Tagged 'frequency'

Counterpoint: Why you can calculate an ROI in social media – and why you should do it

Posted by Uwe Hook on July 20th, 2010 at 3:46 am

Ben Cathers just posted a piece entitled: "Why you can't calculate an ROI in social media -and that's okay." I would argue, if you can't calculate an ROI for Social Media, you shouldn't be participating.
Let's go back to the basics.
Companies advertise to sell products/services. Period. Metrics like brand affinity, brand recall, etc. look great on paper. But you can revel in secondary metrics all day long, as long as you didn't increase sales of your product/service, your advertising/marketing has failed. Social Media should be treated the same way.
All divisions of your brand spend 100% of their time to generate revenue: Call Centers, R&D, Sales Department, Marketing, PR, Accounting, Advertising, PR. Each resource has a specific cost, each resource yields a specific result. Spending time on Social Media for any of these departments might cost you immediately in efficiency and productivity. As a CFO, you would be a fool to allow any division to spend productivity time on Social Media if it decreases your bottom line. A Social Media budget doesn't just show up, it has to be funded by investing less in other areas of the enterprise. That's the reason why each brand needs justification to invest in Social Media.... Read more

Frequency is the penalty for mediocre ads

Posted by Uwe Hook on July 7th, 2010 at 9:20 pm

How Science Started to Dominate Advertising
In 1926, President Calvin Coolidge pronounced a benediction on the business of advertising:
"Advertising ministers to the spiritual side of trade. It is a great power that has been intrusted to your keeping which charges you with the high responsibility of inspiring and ennobling the commercial world. It is all part of the greater work of regeneration and redemption of mankind."
Between 1926 and today, we proceeded dealing with advertising as if it was more science than art. Reach and frequency were introduced, new metrics like GRP and TRP started to dominate the language of the business and now we measure our reach in terms of impressions. Coolidge's idea of inspiration and spiritual redemption through advertising was replaced by spreadsheets, perspiration and a dominance of left-brain thinking.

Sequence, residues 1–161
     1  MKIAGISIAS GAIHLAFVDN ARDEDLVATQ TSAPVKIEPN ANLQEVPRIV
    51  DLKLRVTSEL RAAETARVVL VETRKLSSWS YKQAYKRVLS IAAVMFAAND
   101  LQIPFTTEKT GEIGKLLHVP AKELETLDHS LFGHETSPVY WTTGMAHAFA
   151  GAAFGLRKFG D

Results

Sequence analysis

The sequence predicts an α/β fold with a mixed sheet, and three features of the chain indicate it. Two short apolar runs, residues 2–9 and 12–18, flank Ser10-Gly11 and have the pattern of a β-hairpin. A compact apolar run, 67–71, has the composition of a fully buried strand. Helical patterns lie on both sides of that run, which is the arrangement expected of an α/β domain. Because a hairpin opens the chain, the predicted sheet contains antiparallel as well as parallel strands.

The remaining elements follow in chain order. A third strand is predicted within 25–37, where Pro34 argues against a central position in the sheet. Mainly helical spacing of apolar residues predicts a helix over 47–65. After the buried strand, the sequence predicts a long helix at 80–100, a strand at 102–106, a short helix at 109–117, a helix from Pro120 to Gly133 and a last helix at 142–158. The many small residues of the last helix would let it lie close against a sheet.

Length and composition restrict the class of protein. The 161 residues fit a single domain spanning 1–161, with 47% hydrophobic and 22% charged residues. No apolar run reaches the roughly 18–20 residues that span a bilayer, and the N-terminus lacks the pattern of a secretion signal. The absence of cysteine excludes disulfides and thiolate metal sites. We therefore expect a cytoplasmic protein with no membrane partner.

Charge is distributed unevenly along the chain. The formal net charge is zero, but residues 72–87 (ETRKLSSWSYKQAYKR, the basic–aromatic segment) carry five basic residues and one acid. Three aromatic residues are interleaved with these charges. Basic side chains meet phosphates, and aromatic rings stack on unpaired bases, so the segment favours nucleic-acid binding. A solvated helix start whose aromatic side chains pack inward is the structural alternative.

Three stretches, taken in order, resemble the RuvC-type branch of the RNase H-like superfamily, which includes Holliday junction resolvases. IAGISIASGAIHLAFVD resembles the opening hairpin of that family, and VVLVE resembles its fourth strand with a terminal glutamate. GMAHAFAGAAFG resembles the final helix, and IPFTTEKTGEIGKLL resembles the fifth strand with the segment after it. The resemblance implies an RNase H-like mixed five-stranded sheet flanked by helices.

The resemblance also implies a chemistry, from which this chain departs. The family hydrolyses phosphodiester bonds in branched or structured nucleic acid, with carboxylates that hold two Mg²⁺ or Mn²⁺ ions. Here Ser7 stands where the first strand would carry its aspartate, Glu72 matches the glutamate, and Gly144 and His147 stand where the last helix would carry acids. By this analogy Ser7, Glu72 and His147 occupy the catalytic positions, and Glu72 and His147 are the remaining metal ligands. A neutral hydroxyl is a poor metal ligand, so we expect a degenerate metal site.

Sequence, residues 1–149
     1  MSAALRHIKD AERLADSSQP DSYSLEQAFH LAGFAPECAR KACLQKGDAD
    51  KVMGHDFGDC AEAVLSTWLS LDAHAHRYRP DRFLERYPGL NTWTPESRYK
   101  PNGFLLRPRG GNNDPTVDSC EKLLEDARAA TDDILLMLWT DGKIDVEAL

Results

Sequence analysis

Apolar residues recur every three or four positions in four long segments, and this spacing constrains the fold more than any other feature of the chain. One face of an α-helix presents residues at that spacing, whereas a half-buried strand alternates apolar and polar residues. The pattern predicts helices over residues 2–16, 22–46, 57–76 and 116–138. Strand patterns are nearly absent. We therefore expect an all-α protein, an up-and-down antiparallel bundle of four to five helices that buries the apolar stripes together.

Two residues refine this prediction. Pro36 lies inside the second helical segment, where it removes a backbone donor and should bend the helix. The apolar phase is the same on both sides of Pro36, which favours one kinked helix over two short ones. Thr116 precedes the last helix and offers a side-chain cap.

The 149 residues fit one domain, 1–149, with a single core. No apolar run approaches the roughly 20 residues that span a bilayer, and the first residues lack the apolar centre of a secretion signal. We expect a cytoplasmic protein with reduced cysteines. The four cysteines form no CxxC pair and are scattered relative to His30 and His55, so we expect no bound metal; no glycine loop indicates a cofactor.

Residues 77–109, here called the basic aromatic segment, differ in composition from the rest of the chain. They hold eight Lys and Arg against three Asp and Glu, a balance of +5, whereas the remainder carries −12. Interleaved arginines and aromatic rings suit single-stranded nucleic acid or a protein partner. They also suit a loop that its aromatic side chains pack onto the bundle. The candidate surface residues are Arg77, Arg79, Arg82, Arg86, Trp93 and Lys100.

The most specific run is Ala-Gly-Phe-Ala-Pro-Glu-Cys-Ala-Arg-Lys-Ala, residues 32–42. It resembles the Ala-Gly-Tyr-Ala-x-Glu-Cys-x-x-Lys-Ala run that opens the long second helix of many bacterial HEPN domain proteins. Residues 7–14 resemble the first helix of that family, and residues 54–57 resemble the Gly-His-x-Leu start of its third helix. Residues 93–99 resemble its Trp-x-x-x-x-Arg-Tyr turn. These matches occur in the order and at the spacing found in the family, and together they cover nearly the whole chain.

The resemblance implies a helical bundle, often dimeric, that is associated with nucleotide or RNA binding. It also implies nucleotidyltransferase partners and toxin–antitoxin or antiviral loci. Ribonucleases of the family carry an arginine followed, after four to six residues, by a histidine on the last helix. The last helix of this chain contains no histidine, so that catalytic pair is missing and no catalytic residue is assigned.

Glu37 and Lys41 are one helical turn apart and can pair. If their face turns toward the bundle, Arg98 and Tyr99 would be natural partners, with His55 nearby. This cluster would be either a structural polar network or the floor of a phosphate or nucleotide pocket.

Is Advertising Art Or Science?
If advertising is a matter of data and science, why do we remember an Apple commercial from 1984 that ran once? And why do I get so annoyed when I see the same, mediocre ad over and over again, behaviorally targeting the hell out of me and perfectly aligned with reach and frequency formulas? I would argue, there's an advertising world outside of science. It's called creative... Read more

What's Next, Column Inches?

Posted by Jay Friedman on July 31st, 2009 at 12:00 am

Online media measurement is apparently too complicated.  But rather than slowing down to explain and bring people along we're giving up altogether and going backwards.  Really? GRPs over individual user targeting or frequency to conversion analysis?  Reach/frequency over behavioral, affinity/predictive, or contextual?  Maybe we should toss third party ad serving out the window and just have Nielsen tell us the next day if any of 350 people remember seeing the ad via a diary.  Yeah, that's it! Kudos are due to those that create new markets, like the first ad networks, BlueKai, Tumri, MySpace, and Twitter.  Somehow these experience mass adoption and involve people learning how to do new things in new ways but media measurement can't get that same traction.  Reverting back to T/GRPs and R/F is not the answer - nor is throwing out a 728x90 and calling it a 3c x 1.25" (for those of you old enough to calculate newspaper column inches!) As always I'd enjoy your feedback.